Using a coarse ground bean will result in lower acid as well since the water passes through the grounds faster without extracting all the acids.

Why is coffee all of a sudden giving me heartburn?

Heartburn, gastric reflux, indigestion, whatever you call it, can be uncomfortable and in serious cases it can be debilitating, affecting your daily life. Coffee can be a cause, the main culprit being caffeine.

If heartburn has started to affect you recently, there can be a number of reasons.

Are you drinking more, stronger coffee? Getting that extra shot in your morning latte? Or maybe you switched to a cheaper blend containing a percentage of Robusta beans?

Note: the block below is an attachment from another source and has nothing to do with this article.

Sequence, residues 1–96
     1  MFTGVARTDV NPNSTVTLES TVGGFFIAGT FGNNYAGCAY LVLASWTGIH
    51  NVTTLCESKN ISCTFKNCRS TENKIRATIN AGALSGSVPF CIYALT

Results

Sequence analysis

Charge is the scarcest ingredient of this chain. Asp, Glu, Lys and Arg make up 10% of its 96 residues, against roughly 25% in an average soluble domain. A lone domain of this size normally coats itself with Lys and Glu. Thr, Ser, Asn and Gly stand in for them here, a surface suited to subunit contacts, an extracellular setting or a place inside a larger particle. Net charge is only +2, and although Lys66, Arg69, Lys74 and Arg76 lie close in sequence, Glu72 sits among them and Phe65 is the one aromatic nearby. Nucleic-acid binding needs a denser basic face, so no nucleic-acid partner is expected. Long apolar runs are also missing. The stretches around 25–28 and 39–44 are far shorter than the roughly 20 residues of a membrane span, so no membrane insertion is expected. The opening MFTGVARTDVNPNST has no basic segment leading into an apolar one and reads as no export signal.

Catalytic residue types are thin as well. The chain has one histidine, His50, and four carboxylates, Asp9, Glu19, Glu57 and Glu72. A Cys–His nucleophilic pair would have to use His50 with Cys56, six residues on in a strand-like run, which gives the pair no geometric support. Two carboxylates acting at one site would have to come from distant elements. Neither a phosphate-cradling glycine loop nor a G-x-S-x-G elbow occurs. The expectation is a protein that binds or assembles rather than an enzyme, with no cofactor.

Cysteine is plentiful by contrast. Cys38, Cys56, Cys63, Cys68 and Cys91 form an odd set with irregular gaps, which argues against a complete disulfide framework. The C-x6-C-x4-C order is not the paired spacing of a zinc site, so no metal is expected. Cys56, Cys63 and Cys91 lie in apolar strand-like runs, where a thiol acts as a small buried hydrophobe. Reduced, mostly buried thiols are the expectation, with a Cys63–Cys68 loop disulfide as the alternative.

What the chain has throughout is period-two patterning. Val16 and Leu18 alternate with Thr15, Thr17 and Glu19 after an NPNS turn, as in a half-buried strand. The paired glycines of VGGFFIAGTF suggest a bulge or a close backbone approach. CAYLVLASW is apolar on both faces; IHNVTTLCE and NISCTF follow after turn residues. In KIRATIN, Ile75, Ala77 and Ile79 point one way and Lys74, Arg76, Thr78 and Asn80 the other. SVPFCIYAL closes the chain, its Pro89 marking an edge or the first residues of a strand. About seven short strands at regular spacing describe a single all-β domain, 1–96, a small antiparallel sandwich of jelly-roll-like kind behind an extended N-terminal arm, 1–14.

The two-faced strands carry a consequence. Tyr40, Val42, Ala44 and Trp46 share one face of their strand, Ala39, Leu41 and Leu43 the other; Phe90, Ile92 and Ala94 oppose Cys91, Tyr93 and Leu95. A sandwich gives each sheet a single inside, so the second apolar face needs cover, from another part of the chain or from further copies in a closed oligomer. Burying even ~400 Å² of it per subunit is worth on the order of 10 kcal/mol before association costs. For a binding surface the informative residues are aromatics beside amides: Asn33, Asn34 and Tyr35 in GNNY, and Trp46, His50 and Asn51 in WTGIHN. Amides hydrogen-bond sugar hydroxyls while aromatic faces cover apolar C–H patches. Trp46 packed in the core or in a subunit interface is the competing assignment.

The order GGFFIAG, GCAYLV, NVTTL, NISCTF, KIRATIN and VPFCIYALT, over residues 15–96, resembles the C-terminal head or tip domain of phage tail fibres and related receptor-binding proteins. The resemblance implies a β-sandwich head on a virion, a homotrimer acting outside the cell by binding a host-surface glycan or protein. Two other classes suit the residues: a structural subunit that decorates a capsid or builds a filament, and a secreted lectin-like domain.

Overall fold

Of the two main types of beans, Arabica has the least caffeine and Robusta has the most, almost double the amount.

It is used primarily in instant coffees, powdered or granulated because it is plentiful and cheap.

Like everything other food or drink, less is more. If you are suffering from heartburn, try a lower-strength coffee. Make sure it’s 100% Arabica. Drink fresh-brewed rather than instant if possible. Or have a banana.

Final thoughts on the acidity of coffee

Is coffee acidic? The answer is yes, but there are ways to reduce acidity.

The first way is to buy a dark roast coffee, as they have less acid. Another way is to add milk, which contains calcium and neutralizes the acid. You can also add sugar, but it will not have as much of an effect as milk.

Overall though, the acidity level in coffee is not that much when compared to other popular drinks like orange juice and even beer.